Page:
On Friday, the Big Ten voted to add Oregon and Washington to the conference, reducing the Pac-12 to seven schools and delivering the death blow to one of the most storied conferences in college athletics. What will become of the remaining seven schools in the conference? Frankly, no one cares, and frankly, it doesn’t matter in the modern college football landscape, which is the driving force behind this move.
The only thing that matters in the modern major college sports landscape is media rights for football and market size. In landing USC, UCLA, Washington, and Oregon from the Pac-12, the Big Ten has captured not only numerous Top 25 football teams but their media markets as well. The fact that Washington and Oregon were willing to join the Big Ten for 50% stakes in the Conferences media deal speaks volumes about how they perceived the future of the Pac-12 and how non-competitive the Pac-12’s own rights deals negotiations were perceived.
After USC and UCLA announced their intention to bolt to the Big Ten for more money and exposure, the Pac-12 began exploring its own options to get a better rights package. Pac-12 commissioner George Kliavkoff said a new deal was coming soon, and the conference felt it was important to take its time to get the best deal possible. Then a few months later, he said the same thing while he talked a big game about the Pac-12 looking to expand to replace USC and UCLA. Then again, a few months later. Rinse, wash, and repeat until last week when Colorado announced they were leaving the conference to rejoin the Big 12. On its face, losing Colorado was not a big deal. You would be forgiven for forgetting Colorado was even in the conference since you usually had to scroll to the bottom of the standings to find them in any sport. But when the conference’s forgotten stepchild felt it could get a better revenue stream from jumping to a different conference, what would the remaining big guns in the Pac-12 think?
At that point, what had been a waiting game turned into “Nellie bar the door.” Suddenly Kliavkoff announced a streaming deal that he swears he certainly had not just pulled together out of desperation and was highly competitive. It was a subscription-based package with Apple TV, otherwise known as America’s somethingteenth favorite streaming service, which you may remember as the icon you moved off your Roku home screen so your kids could find Netflix.
Surprising absolutely no one other than Pac-12 leadership, it wasn’t enough for the likes of Oregon and Washington, who were probably on the phone to the Big Ten as soon as Kliavkoff finished saying “Apple TV.”
Now the Pac-12 is down to seven teams without any major media markets. Utah, Arizona, and Arizona State figure to try and bolt to the Big 12 as soon as humanely possible. Oregon State and Washington State, left without their bigger rivals, maybe try and find a home as big fish in a small pond in the Mountain West or the WAC, ironically two of the conferences the Pac-12 had their eye on potential targets to poach schools from. Cal and Stanford, as the two “academically” minded schools in the conference, maybe try to pull a BYU and put most of their sports in a conference like the WCC. At the same time, football plays independently or finds a separate conference home. The only sure thing is that the Pac-12 is doomed as a singular functioning entity.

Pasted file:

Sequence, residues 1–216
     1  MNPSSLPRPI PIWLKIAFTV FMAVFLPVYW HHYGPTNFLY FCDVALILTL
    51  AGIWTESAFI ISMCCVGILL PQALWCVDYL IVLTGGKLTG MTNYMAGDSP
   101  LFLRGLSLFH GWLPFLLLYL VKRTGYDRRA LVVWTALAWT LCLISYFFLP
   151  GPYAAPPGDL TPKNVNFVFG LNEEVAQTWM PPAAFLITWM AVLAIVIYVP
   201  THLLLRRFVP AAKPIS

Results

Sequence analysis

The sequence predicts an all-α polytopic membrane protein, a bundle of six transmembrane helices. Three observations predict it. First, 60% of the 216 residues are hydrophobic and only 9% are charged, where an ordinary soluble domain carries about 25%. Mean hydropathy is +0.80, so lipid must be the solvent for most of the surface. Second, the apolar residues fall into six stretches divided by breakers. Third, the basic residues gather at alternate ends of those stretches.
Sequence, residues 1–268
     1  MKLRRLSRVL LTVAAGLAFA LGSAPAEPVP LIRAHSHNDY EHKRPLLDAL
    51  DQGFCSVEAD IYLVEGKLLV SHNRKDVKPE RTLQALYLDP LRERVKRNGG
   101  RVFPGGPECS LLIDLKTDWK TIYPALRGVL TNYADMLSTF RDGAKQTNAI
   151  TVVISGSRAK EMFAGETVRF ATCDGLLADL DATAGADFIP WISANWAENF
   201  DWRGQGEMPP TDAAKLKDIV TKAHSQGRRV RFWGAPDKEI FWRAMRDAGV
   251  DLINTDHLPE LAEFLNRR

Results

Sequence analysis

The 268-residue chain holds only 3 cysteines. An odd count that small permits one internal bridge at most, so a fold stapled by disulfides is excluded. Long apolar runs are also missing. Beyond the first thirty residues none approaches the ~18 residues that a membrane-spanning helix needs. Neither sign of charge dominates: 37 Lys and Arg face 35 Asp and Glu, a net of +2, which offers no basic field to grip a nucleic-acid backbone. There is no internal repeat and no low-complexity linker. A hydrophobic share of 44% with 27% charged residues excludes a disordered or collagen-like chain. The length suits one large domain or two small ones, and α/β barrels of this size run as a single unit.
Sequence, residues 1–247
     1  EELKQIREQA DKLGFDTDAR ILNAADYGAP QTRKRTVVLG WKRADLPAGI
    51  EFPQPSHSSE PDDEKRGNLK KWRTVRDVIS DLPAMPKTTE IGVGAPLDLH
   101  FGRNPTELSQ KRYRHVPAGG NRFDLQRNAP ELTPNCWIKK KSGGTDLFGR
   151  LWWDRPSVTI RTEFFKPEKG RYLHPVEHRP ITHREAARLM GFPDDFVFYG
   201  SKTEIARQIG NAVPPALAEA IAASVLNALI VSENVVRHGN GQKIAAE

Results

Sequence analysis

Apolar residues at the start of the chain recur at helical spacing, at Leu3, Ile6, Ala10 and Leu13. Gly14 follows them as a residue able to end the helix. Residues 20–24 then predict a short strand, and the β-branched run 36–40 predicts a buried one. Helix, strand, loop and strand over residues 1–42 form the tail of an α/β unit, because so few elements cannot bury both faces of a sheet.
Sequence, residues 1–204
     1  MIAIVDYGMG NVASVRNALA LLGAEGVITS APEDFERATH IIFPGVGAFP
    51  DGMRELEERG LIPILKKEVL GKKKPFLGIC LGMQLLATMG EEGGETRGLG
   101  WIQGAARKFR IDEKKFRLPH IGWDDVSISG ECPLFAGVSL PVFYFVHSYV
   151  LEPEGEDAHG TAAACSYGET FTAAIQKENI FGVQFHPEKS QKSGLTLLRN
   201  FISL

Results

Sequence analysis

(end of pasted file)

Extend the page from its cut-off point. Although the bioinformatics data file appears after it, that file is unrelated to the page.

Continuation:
While Oregon and Washington figure to get a media rights windfall by joining the Big Ten, it’s hard to see the move being successful from an actual athletic or academic performance standpoint. Travel time and costs are about to increase substantially. Rivalry games that once determined conference or division titles now have significantly less pizazz. It might help them make a greater case for inclusion in the College Football Playoff. But that’s about it. What about the rest of the sports? Or the success of student-athletes who will now be spending even less time in the classroom and more time in planes (for the lucky ones in revenue sports) or vans (for the less lucky ones). To get an idea of how much academics play a role in a move like this, it’s best to keep in mind that the Big 10 has stuck with the Big 10 moniker for several years now because they can’t count any higher than that to tally up their number of member schools.
The Pac-12 could have easily prevented all of this by a) Having an actual competitive rights package to keep USC and UCLA in the fold or b) Quickly moving to an alternative of expansion or a new rights deal to rebuild the conference or at the very least keep at its traditional number of ten teams. The conference managed to do neither. Instead, their pace over the months since USC and UCLA left more resembled a tech startup waiting to be bought out by a bigger competitor so the owners could take their golden parachutes.
Just as those startups tend not to care about what happens to their employees after they get bought out, neither do the schools jumping conferences seem to care about the downsides for their student-athletes. On the one hand, their coaches will complain about players jumping teams in the transfer portal to finish their careers or to get a better NIL deal. On the other hand, nothing stops those coaches from jumping ship or for their school to decide that instead of playing most of their games on the west coast, they’ll now get to travel to the exotic locales of Michigan and New Jersey for conference games.
I don’t blame Oregon and Washington, or even USC, UCLA, or even Colorado, for leaving. The blame falls at the feet of the Pac-12 and the realities of the modern college sports landscape. They are doing what they feel is best for their institution, even if it comes to the detriment of the athletes on the field.